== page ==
We’re all familiar with experiential states that cannot be characterised in terms of physical quantities: what is the weight, in grams, of a thought? What is the length, in meters, of an idea? What is the angular momentum of an emotion? Our endogenous experiential states—thoughts, ideas, emotions—aren’t physically characterisable. By virtue of being endogenous, they are also private to us and not directly accessible to anyone else. By the same token, the idea behind analytic idealism is that the actual world, too, is intrinsically constituted of non-physical experiential states, endogenous to the world and, therefore, private to the world; not directly accessible to us. We can only know something about them when they are represented on our screen of perception, after having been measured by our sense organs. Only then do they become physical, in the colloquial sense. As such, to be physical is to be perceived (which is probably what Bishop Berkeley meant to say but lacked the linguistic precision to do so accurately). Physicality is the dashboard; it is representation, not thing-in-itself.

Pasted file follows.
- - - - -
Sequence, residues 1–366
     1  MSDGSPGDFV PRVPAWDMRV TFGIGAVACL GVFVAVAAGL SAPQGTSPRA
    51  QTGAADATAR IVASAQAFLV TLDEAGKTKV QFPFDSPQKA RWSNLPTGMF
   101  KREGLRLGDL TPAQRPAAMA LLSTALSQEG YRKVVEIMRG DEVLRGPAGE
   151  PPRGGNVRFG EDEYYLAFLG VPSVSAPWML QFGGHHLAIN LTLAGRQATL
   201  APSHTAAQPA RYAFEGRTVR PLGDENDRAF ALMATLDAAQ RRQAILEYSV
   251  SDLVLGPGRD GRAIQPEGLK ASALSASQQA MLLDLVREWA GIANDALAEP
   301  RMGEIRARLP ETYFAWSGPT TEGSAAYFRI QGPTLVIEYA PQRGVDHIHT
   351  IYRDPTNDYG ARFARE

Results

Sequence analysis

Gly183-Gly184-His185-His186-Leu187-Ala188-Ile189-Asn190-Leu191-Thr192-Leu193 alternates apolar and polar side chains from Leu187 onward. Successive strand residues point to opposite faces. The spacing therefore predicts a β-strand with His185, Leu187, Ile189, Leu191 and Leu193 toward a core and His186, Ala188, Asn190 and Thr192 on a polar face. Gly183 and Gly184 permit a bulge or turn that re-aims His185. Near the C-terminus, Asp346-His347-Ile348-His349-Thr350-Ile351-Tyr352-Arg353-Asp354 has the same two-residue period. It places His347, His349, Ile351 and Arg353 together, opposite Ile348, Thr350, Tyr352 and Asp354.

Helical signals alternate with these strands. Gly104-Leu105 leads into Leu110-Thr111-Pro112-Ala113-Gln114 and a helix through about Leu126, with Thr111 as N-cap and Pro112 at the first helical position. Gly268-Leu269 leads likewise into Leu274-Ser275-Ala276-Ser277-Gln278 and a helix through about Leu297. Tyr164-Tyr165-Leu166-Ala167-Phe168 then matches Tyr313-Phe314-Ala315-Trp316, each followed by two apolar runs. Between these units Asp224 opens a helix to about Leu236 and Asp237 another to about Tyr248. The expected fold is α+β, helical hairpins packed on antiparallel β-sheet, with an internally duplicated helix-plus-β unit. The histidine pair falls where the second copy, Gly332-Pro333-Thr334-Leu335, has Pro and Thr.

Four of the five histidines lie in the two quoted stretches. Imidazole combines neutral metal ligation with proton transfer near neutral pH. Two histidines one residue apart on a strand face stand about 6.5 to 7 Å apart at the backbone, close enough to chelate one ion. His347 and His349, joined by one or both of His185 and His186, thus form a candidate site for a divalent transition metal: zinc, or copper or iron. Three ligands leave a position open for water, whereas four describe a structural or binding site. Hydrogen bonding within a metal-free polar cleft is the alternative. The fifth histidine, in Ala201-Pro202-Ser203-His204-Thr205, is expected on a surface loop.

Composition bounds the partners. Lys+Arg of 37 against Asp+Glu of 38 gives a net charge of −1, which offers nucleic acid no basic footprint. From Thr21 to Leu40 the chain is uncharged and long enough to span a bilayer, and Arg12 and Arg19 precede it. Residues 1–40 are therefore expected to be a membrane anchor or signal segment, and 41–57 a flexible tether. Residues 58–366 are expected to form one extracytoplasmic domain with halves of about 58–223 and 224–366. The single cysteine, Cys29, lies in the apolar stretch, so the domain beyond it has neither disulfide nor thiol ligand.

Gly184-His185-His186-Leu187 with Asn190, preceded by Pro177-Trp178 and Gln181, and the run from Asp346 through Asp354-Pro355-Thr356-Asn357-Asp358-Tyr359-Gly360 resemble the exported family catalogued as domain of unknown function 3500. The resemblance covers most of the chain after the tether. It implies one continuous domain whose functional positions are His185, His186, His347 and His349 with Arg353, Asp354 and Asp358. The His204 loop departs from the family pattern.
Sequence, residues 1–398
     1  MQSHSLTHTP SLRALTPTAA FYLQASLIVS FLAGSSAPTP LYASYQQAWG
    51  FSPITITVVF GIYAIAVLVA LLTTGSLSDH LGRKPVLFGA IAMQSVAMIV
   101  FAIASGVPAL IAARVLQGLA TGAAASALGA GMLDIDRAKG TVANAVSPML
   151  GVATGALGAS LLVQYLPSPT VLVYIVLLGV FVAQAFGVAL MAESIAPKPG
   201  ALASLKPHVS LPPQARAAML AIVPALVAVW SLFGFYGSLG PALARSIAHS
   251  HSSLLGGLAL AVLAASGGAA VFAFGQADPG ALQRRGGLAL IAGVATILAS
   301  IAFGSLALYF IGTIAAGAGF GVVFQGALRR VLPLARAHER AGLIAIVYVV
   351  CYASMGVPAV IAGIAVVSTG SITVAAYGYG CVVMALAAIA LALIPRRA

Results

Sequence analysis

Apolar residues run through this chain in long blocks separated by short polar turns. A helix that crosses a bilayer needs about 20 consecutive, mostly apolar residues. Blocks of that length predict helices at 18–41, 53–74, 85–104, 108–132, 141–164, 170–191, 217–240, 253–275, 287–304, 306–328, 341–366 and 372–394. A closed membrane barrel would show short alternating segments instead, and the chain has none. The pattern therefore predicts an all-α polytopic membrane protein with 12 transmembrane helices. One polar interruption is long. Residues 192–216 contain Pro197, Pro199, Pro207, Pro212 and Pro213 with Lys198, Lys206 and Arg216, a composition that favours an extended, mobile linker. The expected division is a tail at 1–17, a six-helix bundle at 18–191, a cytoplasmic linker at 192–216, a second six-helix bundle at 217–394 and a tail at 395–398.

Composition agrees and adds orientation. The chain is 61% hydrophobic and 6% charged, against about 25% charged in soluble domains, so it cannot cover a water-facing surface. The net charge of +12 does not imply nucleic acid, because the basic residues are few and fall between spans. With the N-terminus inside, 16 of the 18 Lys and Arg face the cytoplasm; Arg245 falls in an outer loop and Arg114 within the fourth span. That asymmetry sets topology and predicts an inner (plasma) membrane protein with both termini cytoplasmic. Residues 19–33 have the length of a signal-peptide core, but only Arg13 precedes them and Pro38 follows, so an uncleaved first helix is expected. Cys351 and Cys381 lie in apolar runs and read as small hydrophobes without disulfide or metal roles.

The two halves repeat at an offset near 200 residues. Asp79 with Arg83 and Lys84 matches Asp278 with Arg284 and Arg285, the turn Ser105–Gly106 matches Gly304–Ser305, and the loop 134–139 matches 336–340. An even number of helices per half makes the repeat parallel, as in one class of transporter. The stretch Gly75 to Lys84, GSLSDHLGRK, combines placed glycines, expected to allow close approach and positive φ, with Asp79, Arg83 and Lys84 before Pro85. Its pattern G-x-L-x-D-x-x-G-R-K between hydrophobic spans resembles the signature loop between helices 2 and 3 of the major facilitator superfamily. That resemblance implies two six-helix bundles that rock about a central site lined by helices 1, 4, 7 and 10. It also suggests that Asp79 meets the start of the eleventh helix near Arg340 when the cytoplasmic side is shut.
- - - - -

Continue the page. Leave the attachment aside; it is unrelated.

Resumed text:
We now have the language to attempt to rigorously frame the differences between physicalism and idealism when it comes to the nature of the world.
Under physicalism, the actual world is the strictly physical one. And although the colloquially physical world is an internal cognitive representation, the shapes—that is, the contours, the geometric relationships—discernible in it are the shapes of the strictly physical and, therefore, actual world outside. In other words, under physicalism the shapes of the dials on the airplane’s dashboard are the shapes of the thunderstorm in the sky outside, as if the thunderstorm itself were a gigantic dashboard of dials. You be the judge of the plausibility of such an idea.
Under analytic idealism, on the other hand, the following statements apply: the actual world, just like the colloquially physical one, is experiential or qualitative in nature. But it is not constituted of the particular qualities of perception—not even the shapes or contours discernible in perception—for the latter are the dials, not the actual world. Perception consists merely of qualitative representations of other, transpersonal qualities, which in turn constitute the actual world. Still under analytic idealism, the strictly physical world isn’t a thing at all; it is merely a description—conceived by humans and residing entirely in the human mind—of the colloquially physical world, which is itself merely a cognitive representation of the actual world. And that’s all there is to physicality.